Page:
U.S. apartment market – demand rising to the supply challenge
Multifamily occupancy in the U.S. stands at a 10-year high of 95.8%, gains having averaged 13 basis points a quarter in 2013, maintaining the 2012 pace despite the increasing delivery pipeline. There is a clear trend of recovering secondary Sunbelt markets leading the overall occupancy gains; however, the gateway markets continue to have the tightest conditions, with occupancy at or above 97% in San Diego, New York and San Francisco.
While renter demand is expected to remain strong over the next few years, primarily as a result of the organically expanding base of 'baby boomers' and 'echo boomers', the implications surrounding the very active multifamily development cycle are at the forefront of interest. While there are some supply concerns that will slow the pace of occupancy and rental growth, the anticipated increase in job growth and household formation will help to mitigate the threat of oversupply and keep conditions balanced across the country.
Subdued residential sales and leasing across Asia
Subdued high-end residential sales characterise most major Asian markets, with policy restrictions remaining in place (e.g., HPR in China, extra stamp duties in Singapore and Hong Kong). Meanwhile, China imposed new measures in November in order to slow price increases. Over the next 12 months, sales in the high-end residential segment in Greater China and Singapore are likely to remain broadly similar to levels seen last year; low interest rates should help limit any downside in prices. Residential leasing is expected to be generally in line with trends in the office sector.
UK market accelerates, London continues to lead
UK residential markets finished 2013 on a high, having experienced circa 6% price growth nationally. Much of this growth has come off the back of a significant improvement in consumer sentiment. In addition, government stimulus programmes also contributed to the more positive outlook. Concerns of a price bubble have been overblown, although stimulus packages are already being withdrawn and there have been clear signals from both the government and the Bank of England of a willingness to stem unhelpful acceleration in prices. Housing affordability remains a key concern and will likely feature more prominently in electioneering later in the year. Our forecasts are for national price growth of 5% this year, with London prices expect to lead at circa 8%.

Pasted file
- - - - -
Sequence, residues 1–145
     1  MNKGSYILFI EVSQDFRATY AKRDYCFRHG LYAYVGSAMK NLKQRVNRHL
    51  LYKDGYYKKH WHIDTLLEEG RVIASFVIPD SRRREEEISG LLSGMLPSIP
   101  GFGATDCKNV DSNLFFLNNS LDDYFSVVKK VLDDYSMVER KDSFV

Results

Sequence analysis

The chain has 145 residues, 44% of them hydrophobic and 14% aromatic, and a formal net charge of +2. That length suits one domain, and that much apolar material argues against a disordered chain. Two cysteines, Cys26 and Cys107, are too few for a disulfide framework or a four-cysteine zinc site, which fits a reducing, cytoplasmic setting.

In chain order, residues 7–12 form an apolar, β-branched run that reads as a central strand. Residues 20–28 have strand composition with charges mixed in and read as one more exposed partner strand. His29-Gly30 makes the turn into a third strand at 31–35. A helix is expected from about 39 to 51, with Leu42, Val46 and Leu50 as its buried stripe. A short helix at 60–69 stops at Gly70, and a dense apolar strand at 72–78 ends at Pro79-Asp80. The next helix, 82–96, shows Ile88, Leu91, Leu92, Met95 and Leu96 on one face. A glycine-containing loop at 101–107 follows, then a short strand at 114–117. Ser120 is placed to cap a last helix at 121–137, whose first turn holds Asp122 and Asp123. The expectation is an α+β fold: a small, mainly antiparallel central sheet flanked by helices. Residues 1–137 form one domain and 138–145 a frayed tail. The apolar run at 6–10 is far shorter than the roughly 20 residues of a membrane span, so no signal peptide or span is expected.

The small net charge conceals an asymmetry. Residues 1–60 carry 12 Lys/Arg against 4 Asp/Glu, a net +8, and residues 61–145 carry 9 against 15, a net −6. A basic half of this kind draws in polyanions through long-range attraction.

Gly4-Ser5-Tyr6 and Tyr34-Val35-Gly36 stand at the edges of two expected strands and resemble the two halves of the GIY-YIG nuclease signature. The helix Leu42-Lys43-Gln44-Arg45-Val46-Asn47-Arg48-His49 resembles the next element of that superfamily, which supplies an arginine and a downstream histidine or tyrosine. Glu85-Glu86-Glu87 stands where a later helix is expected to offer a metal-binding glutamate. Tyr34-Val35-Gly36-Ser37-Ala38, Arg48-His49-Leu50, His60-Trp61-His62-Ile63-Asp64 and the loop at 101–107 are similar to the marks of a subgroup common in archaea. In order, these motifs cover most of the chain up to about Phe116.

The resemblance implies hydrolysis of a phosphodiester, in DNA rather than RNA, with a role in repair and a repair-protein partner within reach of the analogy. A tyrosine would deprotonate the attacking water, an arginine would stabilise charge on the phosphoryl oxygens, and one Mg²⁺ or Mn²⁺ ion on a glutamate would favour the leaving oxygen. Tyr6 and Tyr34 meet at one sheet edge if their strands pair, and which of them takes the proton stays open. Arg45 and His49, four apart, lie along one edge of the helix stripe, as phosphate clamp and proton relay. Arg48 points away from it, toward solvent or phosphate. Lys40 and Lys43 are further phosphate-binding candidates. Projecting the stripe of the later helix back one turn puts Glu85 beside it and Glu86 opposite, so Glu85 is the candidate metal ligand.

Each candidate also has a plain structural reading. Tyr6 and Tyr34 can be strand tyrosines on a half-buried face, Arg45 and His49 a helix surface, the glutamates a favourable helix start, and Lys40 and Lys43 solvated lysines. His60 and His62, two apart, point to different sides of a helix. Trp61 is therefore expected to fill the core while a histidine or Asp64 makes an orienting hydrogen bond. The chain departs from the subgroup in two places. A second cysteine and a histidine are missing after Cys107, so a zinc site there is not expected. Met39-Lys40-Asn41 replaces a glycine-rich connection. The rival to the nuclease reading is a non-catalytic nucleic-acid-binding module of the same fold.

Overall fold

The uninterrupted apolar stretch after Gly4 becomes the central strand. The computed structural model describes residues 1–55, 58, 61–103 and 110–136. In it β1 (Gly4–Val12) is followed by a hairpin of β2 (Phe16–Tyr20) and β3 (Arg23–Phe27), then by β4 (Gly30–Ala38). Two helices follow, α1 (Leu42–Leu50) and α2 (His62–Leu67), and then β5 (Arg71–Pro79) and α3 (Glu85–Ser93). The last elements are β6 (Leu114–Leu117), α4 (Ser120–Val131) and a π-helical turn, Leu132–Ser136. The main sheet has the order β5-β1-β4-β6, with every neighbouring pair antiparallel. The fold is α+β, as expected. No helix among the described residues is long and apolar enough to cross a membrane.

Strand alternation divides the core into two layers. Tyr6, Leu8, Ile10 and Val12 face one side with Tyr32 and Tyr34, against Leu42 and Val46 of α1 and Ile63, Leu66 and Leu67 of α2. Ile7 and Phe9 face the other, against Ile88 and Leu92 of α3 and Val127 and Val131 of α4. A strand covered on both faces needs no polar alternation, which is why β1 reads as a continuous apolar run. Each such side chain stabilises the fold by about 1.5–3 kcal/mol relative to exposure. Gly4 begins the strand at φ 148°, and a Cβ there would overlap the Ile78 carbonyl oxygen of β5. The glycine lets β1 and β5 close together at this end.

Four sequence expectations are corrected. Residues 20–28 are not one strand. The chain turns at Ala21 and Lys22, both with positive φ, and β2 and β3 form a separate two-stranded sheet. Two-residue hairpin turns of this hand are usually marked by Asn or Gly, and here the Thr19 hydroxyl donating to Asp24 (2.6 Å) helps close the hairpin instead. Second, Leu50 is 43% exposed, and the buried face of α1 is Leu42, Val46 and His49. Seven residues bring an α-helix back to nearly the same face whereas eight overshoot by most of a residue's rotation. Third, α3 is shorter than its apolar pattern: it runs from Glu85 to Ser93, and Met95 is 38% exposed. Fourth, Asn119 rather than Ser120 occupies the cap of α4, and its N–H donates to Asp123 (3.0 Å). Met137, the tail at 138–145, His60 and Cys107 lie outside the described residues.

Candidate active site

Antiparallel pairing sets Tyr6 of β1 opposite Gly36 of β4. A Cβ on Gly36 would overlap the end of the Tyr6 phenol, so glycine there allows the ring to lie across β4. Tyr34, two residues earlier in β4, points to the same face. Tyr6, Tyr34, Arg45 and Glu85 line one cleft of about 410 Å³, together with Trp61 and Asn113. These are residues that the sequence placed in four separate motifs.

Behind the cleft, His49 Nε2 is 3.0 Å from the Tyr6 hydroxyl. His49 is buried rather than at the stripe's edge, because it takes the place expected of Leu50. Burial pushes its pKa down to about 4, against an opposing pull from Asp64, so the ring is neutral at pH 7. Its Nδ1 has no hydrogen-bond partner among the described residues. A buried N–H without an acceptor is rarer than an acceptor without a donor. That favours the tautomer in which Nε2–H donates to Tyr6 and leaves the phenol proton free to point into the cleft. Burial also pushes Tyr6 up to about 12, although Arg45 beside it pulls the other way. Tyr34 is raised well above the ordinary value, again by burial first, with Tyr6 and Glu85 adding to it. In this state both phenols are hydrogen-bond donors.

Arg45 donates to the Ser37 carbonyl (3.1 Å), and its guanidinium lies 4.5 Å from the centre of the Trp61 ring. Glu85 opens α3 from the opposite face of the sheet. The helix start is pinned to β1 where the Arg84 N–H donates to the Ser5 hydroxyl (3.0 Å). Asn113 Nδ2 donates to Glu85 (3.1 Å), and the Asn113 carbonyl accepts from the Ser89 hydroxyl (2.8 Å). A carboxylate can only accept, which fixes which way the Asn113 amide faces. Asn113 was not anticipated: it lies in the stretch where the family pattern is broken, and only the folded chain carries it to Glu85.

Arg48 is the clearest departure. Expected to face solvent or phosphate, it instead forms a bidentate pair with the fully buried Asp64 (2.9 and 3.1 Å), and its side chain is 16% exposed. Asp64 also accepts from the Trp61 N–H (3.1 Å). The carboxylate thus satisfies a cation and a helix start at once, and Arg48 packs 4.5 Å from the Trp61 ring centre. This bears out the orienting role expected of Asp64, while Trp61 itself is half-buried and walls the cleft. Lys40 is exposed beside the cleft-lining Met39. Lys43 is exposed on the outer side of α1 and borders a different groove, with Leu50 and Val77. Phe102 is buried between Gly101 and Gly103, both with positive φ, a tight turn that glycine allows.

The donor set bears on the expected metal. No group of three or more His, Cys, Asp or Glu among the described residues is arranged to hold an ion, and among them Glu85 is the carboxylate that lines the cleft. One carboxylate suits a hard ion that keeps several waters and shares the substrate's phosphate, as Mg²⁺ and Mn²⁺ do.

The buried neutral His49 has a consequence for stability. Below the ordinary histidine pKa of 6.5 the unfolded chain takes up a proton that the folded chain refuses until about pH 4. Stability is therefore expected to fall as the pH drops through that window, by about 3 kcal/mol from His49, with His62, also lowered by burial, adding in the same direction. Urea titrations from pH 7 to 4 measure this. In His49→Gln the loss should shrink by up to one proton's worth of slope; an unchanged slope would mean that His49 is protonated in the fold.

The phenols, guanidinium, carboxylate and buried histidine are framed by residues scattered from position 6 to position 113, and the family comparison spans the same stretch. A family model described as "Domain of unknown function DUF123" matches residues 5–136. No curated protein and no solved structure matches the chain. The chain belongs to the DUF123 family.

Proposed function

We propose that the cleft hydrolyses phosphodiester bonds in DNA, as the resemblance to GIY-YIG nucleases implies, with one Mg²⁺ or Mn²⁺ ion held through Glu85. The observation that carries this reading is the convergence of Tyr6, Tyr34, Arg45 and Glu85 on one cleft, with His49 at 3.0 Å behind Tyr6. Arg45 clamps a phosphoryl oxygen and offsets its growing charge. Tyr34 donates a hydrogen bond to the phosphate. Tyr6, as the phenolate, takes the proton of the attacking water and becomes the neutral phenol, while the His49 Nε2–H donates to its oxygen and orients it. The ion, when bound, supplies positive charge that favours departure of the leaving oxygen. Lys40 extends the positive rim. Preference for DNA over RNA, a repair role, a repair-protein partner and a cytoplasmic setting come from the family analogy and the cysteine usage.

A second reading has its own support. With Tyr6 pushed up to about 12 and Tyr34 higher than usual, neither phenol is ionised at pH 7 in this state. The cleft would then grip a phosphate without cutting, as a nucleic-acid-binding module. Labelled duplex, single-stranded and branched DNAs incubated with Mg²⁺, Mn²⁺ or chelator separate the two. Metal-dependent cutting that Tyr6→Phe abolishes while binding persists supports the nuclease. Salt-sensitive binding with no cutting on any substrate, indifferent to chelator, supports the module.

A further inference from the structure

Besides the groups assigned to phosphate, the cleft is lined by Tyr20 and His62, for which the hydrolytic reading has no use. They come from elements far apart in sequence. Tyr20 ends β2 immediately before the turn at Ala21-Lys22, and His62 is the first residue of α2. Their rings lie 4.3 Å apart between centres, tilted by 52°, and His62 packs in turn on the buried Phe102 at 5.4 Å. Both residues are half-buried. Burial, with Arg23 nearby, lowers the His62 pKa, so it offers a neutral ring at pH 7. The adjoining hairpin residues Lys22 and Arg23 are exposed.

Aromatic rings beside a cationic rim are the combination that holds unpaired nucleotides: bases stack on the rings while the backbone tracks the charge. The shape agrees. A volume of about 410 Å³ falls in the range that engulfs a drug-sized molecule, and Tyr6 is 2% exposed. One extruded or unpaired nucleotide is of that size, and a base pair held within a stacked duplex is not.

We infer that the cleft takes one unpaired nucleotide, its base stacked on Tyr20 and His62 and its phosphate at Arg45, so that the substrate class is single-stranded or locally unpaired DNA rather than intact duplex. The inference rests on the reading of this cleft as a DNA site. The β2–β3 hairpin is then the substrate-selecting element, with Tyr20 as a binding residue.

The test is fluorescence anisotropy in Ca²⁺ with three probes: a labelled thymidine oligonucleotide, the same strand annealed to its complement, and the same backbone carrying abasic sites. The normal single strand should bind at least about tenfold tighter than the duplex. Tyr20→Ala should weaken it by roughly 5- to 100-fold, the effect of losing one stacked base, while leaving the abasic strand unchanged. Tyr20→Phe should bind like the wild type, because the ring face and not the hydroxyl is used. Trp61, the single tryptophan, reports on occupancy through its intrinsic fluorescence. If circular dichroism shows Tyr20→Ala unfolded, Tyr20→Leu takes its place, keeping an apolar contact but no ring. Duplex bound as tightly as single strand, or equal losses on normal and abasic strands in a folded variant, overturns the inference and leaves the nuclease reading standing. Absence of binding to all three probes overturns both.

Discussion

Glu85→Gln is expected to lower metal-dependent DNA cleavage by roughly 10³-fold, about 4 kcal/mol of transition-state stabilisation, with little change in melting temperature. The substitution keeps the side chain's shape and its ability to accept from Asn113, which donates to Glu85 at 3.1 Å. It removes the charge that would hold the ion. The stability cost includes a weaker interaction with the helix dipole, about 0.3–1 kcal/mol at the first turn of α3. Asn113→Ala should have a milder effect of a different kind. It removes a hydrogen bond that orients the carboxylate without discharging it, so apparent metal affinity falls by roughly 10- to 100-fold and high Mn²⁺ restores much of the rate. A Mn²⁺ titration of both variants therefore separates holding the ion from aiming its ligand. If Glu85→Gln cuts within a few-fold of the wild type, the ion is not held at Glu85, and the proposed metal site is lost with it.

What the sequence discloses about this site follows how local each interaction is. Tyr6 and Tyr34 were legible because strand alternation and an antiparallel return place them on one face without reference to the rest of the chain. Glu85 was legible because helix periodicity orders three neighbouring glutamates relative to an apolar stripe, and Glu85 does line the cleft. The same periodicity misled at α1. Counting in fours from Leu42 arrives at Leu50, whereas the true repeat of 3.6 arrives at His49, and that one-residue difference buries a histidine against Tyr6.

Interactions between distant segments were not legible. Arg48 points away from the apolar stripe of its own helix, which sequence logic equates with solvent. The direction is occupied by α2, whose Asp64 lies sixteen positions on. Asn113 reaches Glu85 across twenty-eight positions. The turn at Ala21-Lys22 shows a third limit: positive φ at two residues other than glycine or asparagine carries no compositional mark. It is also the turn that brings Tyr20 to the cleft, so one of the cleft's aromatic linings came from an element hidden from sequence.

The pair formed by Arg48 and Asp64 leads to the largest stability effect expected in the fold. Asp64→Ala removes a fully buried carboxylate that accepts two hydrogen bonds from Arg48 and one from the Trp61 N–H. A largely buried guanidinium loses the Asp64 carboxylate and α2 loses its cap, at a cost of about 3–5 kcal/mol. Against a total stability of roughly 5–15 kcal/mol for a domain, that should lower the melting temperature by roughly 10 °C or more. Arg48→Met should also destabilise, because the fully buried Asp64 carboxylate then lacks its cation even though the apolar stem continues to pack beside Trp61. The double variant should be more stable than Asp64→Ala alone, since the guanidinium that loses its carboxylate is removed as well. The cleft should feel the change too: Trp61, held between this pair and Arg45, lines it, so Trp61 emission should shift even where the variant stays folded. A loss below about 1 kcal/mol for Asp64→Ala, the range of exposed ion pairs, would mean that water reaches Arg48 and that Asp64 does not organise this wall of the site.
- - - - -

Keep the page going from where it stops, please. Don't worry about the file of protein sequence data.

German residential investment market as strong as 2005
In 2013, Germany witnessed one of the strongest residential investment markets of the last 10 years. Two very large transactions took place during the year - the Bavarian housing association GBW was sold for €2.5 billion, and the second largest housing company Deutsche Wohnen AG took over the Berlin based GSW AG for €3.3 billion. The price for portfolios rose from €860 per square metre in 2012 to more than €1,000 in 2013, not only because of the value of the two aforementioned transactions but also due to an increased volume of sold residential developments. €1.6 billion was invested in forward deals in 2013, 90% higher than in 2012. For 2014 we expect above-average transaction volumes due to portfolio realignments, a further increase in forward development deals and market consolidation.
Dubai experiencing broad-based recovery
The Dubai residential market is now experiencing a broad-based recovery, with prices and rents picking up in most locations. Values increased by around 20% in 2013 which has led to fears of another bubble developing. JLL’s view is that the current levels of price increases are unsustainable and that the market will see values increase at a more modest pace in 2014.
Published: 3rd February 2014